In Prussia: Mandatory schooling for all children ages 5–14 was implemented under the regime of Frederick the Great of Prussia. His minister was Freiherr von Zedlitz who "supported the founding of new schools and the centralization of school administration under an Oberschulkollegium, or national board of education (1787)" (Encyclopædia Britannica).

    In Russia: Catherine II of Russia attempted to nationalize education. She issued an education act in 1786 which called for two years of study in district schools followed by five years of study in provincial schools. Religious instruction was absent from these schools. Unfortunately, only half of the towns had the schools (approximately 250 towns). Alexander I implemented a system of education that was free and controlled by the state, which led all the way through the university level. However, years later these reforms came under re-consideration by conservatives.

    In America: Benjamin Franklin and Thomas Jefferson, well-known Francophiles and ambassadors to France, embraced and incorporated the new ideas which were implemented in the European countries as much as possible and helped influence a strong foundation for education in America. Compulsory education became paramount in early America. Although most school instruction was initially deeply based on religious modules from Puritanical influences, the later political separation of church and state (First Amendment of the Constitution of the United States - Article [1] - [1]) removed religious instruction from state supported schools.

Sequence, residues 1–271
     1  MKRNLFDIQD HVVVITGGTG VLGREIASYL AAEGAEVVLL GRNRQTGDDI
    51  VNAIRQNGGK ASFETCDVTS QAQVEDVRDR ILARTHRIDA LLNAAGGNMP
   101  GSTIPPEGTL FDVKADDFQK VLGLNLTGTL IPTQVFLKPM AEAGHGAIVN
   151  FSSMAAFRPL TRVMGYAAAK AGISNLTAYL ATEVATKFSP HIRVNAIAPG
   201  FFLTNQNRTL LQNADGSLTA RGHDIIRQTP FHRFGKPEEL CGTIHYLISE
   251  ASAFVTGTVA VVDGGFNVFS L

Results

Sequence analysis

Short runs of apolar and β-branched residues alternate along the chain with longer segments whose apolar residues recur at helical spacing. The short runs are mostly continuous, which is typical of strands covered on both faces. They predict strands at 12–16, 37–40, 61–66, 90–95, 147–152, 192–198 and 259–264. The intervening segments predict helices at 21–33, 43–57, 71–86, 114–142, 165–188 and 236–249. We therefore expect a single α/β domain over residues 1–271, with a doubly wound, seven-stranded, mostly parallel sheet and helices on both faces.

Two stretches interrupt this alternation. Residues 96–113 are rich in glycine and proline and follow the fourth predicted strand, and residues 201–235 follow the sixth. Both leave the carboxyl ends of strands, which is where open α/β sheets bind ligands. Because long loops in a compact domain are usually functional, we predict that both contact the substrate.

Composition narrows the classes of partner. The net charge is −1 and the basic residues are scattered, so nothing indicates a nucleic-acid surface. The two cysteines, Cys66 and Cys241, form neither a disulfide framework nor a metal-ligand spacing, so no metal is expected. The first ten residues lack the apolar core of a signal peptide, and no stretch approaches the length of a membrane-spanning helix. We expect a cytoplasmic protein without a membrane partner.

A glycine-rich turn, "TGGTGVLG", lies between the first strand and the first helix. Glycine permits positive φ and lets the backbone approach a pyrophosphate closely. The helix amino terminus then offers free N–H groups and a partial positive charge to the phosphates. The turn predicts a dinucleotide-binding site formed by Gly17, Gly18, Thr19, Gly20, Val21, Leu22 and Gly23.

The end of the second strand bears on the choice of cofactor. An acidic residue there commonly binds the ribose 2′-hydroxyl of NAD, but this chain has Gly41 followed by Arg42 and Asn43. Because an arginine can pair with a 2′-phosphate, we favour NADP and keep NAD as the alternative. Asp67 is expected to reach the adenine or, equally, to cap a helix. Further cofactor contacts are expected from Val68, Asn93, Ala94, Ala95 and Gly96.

We take for granted that compulsory schooling in our world today is the norm; however, evidence indicates that nearly 50% of all children in the world (ages 6-18) do not attend school (Gutek). The United Nations Educational, Scientific and Cultural Organization (UNESCO) strives to help all children in the world to attend school and eradicate illiteracy. While much success has been achieved by such organizations, there is still much to be done.


    Thomas Jefferson declared that John Locke, Francis Bacon and Isaac Newton were the "three greatest men the world had ever produced" (Peterson, 1236).


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    For simple definitions, []